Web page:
Wednesday, June 15, 2016

Making Hepatitis C A Rare Disease In The United States

Making Hepatitis C A Rare Disease In The United States
Victor Roy, Dave Chokshi, Stephen Kissler, and Prabhjot Singh

New breakthrough medicines for Hepatitis C present an important choice about setting goals and taking systemic action to achieve public health advances in the United States. Despite appearing to offer cure rates greater than 90 percent, high-priced Hepatitis C drugs have driven treatment rationing since their approval over two years ago. Gaps in the screening, diagnosis, and treatment of Hepatitis C pose significant public health consequences.

Target: A ‘Rare Disease’ By 2025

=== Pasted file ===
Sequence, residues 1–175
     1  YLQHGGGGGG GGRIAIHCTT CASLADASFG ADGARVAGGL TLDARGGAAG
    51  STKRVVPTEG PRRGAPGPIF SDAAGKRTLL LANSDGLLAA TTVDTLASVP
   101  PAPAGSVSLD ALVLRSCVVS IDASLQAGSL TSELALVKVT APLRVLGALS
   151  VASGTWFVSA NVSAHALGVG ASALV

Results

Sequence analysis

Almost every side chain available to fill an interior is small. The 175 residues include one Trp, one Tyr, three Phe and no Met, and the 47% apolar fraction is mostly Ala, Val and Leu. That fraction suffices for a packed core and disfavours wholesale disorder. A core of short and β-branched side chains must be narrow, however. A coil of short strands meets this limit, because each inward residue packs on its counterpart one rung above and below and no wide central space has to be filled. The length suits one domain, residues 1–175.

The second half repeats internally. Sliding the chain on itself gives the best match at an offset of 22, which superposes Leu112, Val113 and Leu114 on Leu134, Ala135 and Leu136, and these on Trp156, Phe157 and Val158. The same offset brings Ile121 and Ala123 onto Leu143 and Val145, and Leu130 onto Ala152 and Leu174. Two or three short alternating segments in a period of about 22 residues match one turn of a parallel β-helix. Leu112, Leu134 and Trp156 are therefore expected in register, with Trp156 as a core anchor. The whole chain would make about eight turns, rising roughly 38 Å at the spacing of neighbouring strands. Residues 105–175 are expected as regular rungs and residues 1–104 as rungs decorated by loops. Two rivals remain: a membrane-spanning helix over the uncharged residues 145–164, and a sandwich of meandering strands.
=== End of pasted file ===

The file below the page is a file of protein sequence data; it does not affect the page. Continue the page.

Multiple indicators could be used to define such a target for Hepatitis C, such as deaths averted, percent treated and/or cured, incidence, or population prevalence. We demonstrate one possible approach, using a model published last November in Health Affairs by Van Nuys and colleagues. With a baseline scenario of using older interferon-based therapies, the model considered three treatment scenarios for Hepatitis C with the newest medicines: treat patients with advanced disease, treat all diagnosed patients regardless of disease stage, or treat 5 percent of diagnosed patients across all disease stages. They found that the option of treating 5 percent of the infected population annually would best balance potential benefits with affordability.

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